There are many ways of explaining what determines the human cost of civil wars, but little attention has focused on the relationship between religion and its dynamics and the human cost of civil wars. Religion is a powerful motivator and a large portion of the human population adheres to one of the world’s many religions. Consequently, it is important to understand how religion affects armed conflicts within states, one of the most common forms of large scale conflict in the world. Using a case study approach, this study examines civil wars in Algeria, the Philippines, Angola, and Peru, to test whether religious civil wars are costlier than non-religious civil wars in terms of human lives lost. Contrary to prior quantitative research, this study’s findings suggest that religious civil wars are not more costly than non-religious civil wars. However, there is some evidence that higher levels of religious outbidding correlate to higher cost levels. Future research should seek to examine more cases of religious civil wars qualitatively, to better understand the extent to which religion is a determinant of the human cost of civil wars.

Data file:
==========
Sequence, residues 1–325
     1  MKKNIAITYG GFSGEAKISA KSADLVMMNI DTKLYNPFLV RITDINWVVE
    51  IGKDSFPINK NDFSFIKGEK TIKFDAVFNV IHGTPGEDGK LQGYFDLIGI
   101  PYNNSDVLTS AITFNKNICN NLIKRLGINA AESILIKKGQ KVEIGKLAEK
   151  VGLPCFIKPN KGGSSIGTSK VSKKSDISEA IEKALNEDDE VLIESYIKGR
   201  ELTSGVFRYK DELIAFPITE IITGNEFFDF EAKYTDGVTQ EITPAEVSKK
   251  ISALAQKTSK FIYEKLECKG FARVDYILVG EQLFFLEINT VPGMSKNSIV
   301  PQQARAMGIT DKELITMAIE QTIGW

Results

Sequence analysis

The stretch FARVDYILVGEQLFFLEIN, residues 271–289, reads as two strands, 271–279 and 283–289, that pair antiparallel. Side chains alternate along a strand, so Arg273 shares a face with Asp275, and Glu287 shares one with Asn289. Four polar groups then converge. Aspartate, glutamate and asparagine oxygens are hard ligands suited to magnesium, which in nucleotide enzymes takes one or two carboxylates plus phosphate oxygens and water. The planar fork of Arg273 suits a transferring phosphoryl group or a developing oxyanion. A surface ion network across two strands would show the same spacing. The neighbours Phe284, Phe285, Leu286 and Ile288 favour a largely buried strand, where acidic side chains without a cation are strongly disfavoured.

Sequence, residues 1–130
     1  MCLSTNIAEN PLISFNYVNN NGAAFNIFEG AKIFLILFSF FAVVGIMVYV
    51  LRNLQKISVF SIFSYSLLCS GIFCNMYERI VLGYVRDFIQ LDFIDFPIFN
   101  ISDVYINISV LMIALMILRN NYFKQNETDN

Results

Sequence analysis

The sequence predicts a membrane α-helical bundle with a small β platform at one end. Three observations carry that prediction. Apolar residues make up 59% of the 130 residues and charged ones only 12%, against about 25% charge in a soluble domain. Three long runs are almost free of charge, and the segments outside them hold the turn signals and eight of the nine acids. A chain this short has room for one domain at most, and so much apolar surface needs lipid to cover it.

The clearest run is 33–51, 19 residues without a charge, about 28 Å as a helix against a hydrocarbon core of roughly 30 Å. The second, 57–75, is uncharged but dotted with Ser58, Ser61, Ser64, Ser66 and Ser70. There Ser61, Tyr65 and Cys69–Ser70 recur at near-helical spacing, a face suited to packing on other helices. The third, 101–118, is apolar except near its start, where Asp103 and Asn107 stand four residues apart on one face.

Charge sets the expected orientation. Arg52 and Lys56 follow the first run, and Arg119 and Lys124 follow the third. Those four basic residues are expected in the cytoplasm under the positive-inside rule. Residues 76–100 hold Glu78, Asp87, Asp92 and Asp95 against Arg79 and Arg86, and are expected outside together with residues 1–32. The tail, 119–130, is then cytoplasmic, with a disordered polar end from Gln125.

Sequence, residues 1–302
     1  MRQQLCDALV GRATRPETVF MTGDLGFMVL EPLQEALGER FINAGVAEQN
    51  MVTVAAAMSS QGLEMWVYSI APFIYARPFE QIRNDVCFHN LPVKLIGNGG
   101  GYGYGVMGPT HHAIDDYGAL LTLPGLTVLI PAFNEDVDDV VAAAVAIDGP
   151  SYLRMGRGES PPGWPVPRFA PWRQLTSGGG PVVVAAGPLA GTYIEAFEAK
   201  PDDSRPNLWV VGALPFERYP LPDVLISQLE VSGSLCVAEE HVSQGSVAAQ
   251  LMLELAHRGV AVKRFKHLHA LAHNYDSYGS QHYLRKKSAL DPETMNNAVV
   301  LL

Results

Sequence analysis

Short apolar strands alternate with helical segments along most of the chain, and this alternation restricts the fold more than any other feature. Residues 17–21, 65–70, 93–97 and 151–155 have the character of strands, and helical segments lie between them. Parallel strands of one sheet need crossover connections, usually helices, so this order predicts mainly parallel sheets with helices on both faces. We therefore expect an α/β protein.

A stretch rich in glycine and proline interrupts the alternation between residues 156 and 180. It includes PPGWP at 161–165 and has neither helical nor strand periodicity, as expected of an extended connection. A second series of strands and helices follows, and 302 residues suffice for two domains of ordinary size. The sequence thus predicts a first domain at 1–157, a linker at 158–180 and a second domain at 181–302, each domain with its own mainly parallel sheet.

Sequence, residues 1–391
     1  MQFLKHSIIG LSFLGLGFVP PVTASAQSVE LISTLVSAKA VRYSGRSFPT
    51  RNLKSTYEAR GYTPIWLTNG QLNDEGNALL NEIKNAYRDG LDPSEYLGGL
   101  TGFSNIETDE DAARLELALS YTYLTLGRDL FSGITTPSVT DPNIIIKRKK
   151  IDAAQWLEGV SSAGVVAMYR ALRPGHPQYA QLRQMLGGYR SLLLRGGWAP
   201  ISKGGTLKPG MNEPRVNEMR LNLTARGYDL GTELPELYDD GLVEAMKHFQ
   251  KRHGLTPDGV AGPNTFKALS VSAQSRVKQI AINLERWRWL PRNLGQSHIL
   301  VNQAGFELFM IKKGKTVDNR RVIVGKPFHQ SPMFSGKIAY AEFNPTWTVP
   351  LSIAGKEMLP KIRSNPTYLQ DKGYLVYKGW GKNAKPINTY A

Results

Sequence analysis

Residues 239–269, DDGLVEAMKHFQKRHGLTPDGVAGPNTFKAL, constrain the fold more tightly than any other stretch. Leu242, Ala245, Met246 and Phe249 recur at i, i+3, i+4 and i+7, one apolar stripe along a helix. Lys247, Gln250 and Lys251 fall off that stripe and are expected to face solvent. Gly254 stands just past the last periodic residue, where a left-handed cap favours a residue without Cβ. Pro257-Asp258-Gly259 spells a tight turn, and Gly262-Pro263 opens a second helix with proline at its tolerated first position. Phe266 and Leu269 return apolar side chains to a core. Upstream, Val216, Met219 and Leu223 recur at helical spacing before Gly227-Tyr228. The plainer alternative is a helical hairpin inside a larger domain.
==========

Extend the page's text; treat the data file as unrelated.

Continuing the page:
N'Diaye, Boubacar


Global and International Studies

Publication Date


Degree Granted

Bachelor of Arts

Document Type

Senior Independent Study Thesis



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